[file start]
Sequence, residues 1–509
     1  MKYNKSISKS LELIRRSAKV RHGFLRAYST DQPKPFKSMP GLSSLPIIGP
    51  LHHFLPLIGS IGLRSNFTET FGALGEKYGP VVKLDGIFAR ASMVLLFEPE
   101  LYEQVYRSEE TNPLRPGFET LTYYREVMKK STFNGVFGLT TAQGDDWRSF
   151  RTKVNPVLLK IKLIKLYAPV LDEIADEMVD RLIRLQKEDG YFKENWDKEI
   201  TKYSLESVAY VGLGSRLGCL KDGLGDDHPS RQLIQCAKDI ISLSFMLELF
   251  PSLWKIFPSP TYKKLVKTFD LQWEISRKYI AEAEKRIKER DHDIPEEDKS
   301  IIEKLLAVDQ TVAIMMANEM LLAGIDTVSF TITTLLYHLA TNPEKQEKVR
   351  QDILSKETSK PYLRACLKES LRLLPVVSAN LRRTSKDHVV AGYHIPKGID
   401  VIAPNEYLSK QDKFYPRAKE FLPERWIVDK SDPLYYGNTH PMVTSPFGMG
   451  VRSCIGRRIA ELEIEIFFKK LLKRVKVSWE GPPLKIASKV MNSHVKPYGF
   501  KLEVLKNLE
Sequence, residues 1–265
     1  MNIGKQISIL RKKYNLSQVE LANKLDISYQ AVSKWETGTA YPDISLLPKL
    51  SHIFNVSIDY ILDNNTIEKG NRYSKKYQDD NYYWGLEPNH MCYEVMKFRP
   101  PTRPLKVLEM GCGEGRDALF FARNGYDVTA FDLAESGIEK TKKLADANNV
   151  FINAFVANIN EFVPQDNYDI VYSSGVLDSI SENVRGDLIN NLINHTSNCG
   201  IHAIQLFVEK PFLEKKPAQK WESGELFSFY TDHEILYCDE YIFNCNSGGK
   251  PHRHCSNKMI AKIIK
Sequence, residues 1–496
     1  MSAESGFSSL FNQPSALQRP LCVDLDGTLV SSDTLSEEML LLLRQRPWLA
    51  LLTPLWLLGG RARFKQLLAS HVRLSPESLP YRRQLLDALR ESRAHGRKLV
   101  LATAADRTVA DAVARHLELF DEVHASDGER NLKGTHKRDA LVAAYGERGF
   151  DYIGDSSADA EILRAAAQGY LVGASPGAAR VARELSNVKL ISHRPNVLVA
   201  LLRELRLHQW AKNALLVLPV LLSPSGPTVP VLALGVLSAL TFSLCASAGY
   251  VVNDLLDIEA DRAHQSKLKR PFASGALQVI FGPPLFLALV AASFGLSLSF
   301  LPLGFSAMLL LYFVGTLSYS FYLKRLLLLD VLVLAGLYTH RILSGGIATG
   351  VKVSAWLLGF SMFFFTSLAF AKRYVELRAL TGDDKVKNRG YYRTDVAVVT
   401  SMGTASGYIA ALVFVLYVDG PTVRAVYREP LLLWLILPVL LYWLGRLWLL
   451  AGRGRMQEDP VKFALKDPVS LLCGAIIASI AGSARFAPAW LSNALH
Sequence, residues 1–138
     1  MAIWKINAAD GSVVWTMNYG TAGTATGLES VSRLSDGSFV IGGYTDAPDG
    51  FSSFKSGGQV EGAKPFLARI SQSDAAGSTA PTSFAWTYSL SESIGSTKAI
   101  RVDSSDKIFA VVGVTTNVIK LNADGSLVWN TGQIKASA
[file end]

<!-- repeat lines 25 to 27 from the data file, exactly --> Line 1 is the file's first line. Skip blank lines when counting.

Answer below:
   201  LLRELRLHQW AKNALLVLPV LLSPSGPTVP VLALGVLSAL TFSLCASAGY
   251  VVNDLLDIEA DRAHQSKLKR PFASGALQVI FGPPLFLALV AASFGLSLSF
   301  LPLGFSAMLL LYFVGTLSYS FYLKRLLLLD VLVLAGLYTH RILSGGIATG